At move 10 I prefer 10.Rhf1, putting the rook straight onto the f-file, a line which I recall discussing with "ArKheiN" at the Chesspublishing.com forum (via the move-order 7.Bg5 e6 8.Qe2 Be7, but unfortunately Black has the strong 8...Bb4! in that move-order).  

I'm not 100% sure that White's compensation is objectively sufficient, but I would certainly fancy my chances with White in that final position.  The g and h-pawns come rolling forward in the direction of Black's king.

Tuesday, 16 April 2013

King's Gambit, Allgaier Gambit

To give readers a taster of what is to come, I have published an article on the Allgaier Gambit, 1.e4 e5 2.f4 exf4 3.Nf3 g5 4.h4 g4 5.Ng5, a dubious but tricky knight sacrifice, offering an analysis of the key lines and five illustrative games, which are also available for PGN download.
As with many such unsound lines, it may pick up a fair number of points in casual and rapid games, since White always appears to get some sort of attacking chances, even in the most critical variations. I have occasionally faced the Allgaier and related lines with Black, and know that Black's defence is not quite as easy in practice as it should be in theory.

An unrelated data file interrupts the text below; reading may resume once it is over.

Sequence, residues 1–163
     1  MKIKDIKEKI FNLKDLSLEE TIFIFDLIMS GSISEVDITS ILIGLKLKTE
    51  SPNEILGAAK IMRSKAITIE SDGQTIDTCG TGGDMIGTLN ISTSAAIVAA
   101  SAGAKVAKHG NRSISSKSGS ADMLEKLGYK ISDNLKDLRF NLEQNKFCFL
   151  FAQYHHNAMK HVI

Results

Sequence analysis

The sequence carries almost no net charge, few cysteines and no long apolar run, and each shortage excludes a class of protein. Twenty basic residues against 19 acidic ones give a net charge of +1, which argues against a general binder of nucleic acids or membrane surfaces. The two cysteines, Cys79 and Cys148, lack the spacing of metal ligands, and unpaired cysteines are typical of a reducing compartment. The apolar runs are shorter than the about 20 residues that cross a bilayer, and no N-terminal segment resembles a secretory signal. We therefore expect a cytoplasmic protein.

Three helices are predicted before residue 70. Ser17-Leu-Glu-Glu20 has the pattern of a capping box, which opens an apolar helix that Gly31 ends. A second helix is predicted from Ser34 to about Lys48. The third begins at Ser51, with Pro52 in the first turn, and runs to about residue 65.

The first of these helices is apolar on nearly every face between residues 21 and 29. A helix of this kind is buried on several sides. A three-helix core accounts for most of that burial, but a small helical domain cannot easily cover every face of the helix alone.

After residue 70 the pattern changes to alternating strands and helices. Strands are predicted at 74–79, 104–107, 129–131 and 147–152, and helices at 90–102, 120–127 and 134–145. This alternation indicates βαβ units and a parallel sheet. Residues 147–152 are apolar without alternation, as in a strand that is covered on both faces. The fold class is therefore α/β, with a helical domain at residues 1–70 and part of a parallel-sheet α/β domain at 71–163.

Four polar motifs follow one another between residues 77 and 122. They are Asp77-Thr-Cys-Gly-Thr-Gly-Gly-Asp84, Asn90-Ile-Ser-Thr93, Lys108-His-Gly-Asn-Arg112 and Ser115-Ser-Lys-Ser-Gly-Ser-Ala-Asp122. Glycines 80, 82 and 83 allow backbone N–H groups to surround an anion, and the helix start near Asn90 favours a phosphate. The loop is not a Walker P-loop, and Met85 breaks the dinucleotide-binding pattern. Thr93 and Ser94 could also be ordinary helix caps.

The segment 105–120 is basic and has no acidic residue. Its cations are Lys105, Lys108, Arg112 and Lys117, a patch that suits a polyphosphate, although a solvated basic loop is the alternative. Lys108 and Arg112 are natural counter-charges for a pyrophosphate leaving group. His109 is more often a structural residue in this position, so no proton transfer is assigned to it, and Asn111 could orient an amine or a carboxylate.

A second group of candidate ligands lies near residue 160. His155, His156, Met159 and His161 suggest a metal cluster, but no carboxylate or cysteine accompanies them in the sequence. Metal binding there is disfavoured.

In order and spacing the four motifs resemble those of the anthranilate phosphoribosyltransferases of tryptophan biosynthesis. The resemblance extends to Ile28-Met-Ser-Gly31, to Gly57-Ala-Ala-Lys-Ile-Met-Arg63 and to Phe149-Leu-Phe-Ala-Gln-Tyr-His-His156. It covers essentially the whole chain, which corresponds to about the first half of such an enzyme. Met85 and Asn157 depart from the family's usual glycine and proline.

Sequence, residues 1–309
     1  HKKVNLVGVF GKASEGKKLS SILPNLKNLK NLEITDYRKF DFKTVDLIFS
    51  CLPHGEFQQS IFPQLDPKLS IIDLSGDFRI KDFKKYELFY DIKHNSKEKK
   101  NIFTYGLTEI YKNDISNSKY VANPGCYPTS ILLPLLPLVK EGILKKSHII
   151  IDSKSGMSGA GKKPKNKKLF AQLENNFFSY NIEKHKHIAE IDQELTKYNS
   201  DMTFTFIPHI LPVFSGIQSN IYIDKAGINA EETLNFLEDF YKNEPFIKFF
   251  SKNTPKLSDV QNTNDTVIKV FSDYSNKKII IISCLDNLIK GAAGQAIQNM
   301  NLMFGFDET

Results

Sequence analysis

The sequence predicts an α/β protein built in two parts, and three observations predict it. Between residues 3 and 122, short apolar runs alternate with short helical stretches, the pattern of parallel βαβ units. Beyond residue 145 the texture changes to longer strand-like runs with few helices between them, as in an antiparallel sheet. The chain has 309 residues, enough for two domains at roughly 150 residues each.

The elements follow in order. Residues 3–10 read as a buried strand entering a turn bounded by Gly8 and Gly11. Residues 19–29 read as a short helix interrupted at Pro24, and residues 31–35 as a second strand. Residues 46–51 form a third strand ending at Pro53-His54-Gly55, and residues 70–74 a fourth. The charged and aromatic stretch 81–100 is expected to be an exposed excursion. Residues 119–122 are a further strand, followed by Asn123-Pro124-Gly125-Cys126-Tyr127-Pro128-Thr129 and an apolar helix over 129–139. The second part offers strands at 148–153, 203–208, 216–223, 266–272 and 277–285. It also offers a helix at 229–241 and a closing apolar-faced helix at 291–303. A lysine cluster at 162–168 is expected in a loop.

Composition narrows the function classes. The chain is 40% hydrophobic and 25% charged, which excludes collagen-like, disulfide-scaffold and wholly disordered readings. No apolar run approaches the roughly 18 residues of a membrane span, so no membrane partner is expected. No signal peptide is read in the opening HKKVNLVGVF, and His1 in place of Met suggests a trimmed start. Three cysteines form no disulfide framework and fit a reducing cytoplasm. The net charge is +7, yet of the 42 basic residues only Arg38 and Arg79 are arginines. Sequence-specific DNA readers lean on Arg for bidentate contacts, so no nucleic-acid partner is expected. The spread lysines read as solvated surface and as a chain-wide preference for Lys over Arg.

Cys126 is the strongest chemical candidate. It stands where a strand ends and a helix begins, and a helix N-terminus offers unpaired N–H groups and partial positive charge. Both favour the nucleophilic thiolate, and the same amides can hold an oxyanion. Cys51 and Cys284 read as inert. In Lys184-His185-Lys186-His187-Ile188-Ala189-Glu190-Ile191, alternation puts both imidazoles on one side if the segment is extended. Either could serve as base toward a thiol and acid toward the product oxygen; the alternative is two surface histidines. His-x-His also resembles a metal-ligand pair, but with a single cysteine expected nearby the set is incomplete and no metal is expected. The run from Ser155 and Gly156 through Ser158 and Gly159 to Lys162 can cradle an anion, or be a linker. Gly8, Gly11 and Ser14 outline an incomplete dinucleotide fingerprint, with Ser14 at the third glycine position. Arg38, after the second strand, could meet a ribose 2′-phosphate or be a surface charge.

In summary, White leaves the knight without a safe retreat square, and thus after 5...h6, White must sacrifice the knight on f7 and bring the black king out into the open.  The Hamppe-Allgaier Gambit (with 4.Nc3 Nc6 and then 5.h4 g4 6.Ng5) gives White rather better prospects.

For a second opinion on the Allgaier Gambit, Tim Harding's articles for ChessCafe.com, Kibitzer #78 and #79, are worth checking out, though he mostly reached similar conclusions.

5...f3!? (recommended by "micawber" at the Chesspublishing.com forum) is critical, since after 6.gxf3, cutting off the white queen's route to g4 and h5, Black can now get away with 6...f6.  However the main line is 5...h6 6.Nxf7 Kxf7.

Theoretically White is struggling to prove enough compensation for the knight after 7.Qxg4?! Nf6, 7.Bc4+ d5 8.Bxd5+ Kg7 9.d4 f3!, 7.d4 f3, and 7.Nc3 d5.  I tend to think that 7.d4 f3 8.Be3!?, preparing Qd2 and queenside castling, is White's best practical try, and 7.d4 also has the advantage that in practice Black often replies with 7...d5 or 7...Nf6, in which case White replies with 8.Bxf4 and may well get enough compensation for the sacrificed knight.